Dakota County gets a new look at its future housing needs

  • Article by: SUSAN FEYDER , Star Tribune
  • Updated: March 18, 2014 - 1:28 PM

The comprehensive housing study is the first update since the recession.

An ambitious study of Dakota County’s housing market has signaled a strong and growing need for rentals for people of all ages and income levels — and a spurt of recent announcements about new apartment projects is unlikely to make a significant dent.

The demand for rentals, especially in less-developed communities with more room for growth, was one the central conclusions of the latest housing needs study recently completed by Maxfield Research Inc. for the Dakota County Community Development Agency (CDA). The study is an update of an original survey done in 2005 for the CDA by Minneapolis-based Maxfield.

The research calculates demand until 2030 for a wide variety of housing types — single-family, multiunit, for-sale and rental for the general population, seniors and people with special needs.

The study noted that the county has some catching up to do with rental housing.

The researchers found that since 2000, 134 projects with 1,888 market-rate units have been built, with very few being added since 2005. Those under construction or in the planning process include four in Eagan — a 190-unit apartment building in the Cedar Grove redevelopment area, a 250-unit apartment building north of Yankee Doodle Road and west of Central Parkway, a 34-unit senior rental project at 4135 Old Sibley Hwy. and more than 200 units in and next to an office building previously occupied by Blue Cross and Blue Shield of Minnesota. Another in Apple Valley would add 322 apartments, 20 percent of them affordable units, in the Central Village redevelopment area.

But those projects will have a limited overall impact on the county’s vacancy rate for apartments, a slim 2 percent.

“Rental vacancy rates have hit new lows in some communities … tightening vacancy and increasing rents have resulted in low and moderate-income households experiencing much greater challenges to secure affordable housing,” the study said. “For some individuals and households that face significant barriers to finding suitable housing, the housing situation is at a critical level.”

The county’s growing senior population also is expected to fuel demand for rental housing, the study said. It projected that people 65 and older are expected to account for 17 percent of the county’s population in 2030, up from 10 percent in 2010.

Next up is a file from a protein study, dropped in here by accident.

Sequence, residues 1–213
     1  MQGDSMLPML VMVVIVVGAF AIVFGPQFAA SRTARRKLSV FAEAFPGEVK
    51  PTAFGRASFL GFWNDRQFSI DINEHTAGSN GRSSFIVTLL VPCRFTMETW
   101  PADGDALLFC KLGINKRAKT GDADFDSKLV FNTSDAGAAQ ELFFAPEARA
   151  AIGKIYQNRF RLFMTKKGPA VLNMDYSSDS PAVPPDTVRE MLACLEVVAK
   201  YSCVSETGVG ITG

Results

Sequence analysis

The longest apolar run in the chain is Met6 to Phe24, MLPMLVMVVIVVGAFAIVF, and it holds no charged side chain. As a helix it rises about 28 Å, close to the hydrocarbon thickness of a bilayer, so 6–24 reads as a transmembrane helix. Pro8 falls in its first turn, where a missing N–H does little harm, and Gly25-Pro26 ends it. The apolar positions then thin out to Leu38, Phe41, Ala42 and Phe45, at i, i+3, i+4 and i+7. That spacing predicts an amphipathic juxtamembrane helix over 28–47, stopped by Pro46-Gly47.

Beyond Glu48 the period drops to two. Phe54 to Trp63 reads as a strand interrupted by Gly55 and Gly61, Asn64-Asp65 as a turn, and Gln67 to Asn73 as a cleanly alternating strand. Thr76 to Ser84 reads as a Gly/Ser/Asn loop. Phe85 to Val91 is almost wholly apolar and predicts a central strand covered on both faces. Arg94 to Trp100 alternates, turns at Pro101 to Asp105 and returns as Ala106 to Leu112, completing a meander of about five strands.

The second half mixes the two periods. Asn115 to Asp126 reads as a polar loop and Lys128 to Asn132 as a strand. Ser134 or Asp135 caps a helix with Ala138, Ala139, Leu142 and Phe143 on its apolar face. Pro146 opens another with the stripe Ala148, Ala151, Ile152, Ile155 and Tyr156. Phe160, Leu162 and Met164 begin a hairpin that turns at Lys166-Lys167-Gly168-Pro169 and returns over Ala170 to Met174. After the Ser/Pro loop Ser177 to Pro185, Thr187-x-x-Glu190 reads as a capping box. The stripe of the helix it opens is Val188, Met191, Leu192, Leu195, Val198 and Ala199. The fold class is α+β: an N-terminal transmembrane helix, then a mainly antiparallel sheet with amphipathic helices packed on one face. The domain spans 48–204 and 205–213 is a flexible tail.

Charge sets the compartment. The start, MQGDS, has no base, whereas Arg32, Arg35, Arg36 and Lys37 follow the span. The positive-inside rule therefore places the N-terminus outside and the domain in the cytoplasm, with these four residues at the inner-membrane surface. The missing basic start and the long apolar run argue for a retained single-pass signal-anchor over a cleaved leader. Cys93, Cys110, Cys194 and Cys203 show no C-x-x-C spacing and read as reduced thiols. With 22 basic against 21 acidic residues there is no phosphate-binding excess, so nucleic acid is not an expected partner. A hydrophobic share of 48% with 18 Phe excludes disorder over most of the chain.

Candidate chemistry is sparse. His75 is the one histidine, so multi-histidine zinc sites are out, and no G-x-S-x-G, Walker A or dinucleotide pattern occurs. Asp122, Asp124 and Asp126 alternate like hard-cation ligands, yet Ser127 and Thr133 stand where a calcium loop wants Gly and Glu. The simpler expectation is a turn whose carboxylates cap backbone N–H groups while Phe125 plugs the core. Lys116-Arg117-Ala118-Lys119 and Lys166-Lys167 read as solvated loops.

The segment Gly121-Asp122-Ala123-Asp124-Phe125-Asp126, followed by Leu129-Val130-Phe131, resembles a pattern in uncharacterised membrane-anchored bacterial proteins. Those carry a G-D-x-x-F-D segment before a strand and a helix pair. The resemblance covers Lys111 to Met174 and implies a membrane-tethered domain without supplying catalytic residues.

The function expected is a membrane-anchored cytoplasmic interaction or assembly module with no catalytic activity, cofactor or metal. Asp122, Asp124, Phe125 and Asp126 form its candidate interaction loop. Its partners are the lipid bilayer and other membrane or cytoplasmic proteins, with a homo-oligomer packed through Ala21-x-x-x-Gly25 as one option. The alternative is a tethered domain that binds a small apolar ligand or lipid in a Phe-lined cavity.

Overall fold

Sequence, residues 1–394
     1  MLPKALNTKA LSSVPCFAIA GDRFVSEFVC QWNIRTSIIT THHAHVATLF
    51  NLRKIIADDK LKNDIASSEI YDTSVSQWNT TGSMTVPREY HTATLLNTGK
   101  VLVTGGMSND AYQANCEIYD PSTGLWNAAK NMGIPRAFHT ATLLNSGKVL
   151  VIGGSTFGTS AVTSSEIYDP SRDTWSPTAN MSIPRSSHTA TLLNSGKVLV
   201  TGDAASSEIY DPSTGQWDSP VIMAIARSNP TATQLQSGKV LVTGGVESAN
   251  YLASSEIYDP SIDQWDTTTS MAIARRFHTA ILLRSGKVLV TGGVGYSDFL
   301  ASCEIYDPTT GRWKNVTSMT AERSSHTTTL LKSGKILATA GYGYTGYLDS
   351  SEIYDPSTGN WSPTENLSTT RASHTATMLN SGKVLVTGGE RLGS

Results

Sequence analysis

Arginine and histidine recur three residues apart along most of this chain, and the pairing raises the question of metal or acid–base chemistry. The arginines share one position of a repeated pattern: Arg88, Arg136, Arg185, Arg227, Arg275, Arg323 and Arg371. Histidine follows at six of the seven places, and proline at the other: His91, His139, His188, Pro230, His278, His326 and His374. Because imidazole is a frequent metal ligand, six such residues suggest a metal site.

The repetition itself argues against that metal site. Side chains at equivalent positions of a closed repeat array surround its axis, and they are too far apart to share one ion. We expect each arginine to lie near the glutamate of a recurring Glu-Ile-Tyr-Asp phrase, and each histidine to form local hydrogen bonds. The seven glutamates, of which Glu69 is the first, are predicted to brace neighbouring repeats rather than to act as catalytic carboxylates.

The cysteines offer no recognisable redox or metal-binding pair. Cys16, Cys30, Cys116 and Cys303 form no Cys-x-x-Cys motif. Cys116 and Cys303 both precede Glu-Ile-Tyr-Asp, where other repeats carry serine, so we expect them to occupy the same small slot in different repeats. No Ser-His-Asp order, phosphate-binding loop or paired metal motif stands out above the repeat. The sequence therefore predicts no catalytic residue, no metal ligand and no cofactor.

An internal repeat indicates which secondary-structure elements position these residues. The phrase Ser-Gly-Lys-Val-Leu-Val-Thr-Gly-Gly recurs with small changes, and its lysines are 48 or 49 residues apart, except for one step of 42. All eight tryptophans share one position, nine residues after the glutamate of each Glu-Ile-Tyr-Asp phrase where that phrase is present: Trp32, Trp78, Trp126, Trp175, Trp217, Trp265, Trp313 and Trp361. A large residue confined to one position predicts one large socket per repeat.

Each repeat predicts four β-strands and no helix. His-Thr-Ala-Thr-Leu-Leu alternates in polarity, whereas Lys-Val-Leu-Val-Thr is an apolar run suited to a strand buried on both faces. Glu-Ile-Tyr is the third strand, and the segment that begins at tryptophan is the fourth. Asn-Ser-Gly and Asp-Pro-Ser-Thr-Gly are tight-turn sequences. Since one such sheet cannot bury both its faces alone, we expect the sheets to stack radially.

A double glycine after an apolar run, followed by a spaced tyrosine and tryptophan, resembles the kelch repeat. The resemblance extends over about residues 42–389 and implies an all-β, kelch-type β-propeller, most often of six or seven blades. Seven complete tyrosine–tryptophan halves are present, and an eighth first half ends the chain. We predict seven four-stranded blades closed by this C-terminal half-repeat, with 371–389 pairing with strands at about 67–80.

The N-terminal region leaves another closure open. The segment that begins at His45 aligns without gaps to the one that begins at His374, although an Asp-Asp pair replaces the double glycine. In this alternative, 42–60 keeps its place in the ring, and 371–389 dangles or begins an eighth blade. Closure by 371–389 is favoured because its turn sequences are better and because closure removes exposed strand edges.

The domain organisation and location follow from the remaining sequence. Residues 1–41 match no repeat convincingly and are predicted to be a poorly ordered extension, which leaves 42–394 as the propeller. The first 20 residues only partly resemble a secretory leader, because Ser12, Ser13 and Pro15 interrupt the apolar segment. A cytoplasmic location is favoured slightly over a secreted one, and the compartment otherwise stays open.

The study says that between 2010 and 2030, 30 percent of the demand in the county will be for rental housing. That’s up from the projection of 23 percent in the 2005 survey.

The county’s housing market, like those nationwide, has changed dramatically since the last study. In 2005, healthy economic growth was fueling heavy demand for owner-occupied housing, with more renters embracing home­ownership. The recession, housing downturn and foreclosure crisis were still barely on the horizon.

Foreclosures tail off

After the recession’s slump, sales of new and existing single-family homes have revived in the past few years while foreclosures have tailed off. Dakota County recorded its third consecutive annual decline in foreclosures on residential and commercial properties in 2013, according to the CDA. Sheriff’s sales for the year totaled 925, down from 1,525 for 2012 and substantially less than 1,985 for 2011 and 2,147 for 2010. The report didn’t break out how many of the foreclosures were homes or how many were commercial or industrial buildings.

The researchers said Dakota County has been the leader in the metro area in developing affordable housing, including housing for seniors and workforce townhouses. It added that the need for affordable housing — both rental and for-sale — will continue, with demand especially acute for people with extremely low incomes.

Rising land, labor and material costs have reduced the number of newly built homes priced below $250,000, the study said. It added that it’s likely that more modestly priced houses in the future will come from rehabbing the existing stock.

Burnsville, which is largely built-out, already has seen redevelopment of several older apartment properties and may have to continue to do so to meet demand for market-rate rentals, the study said.

 

Susan Feyder • 952-746-3282

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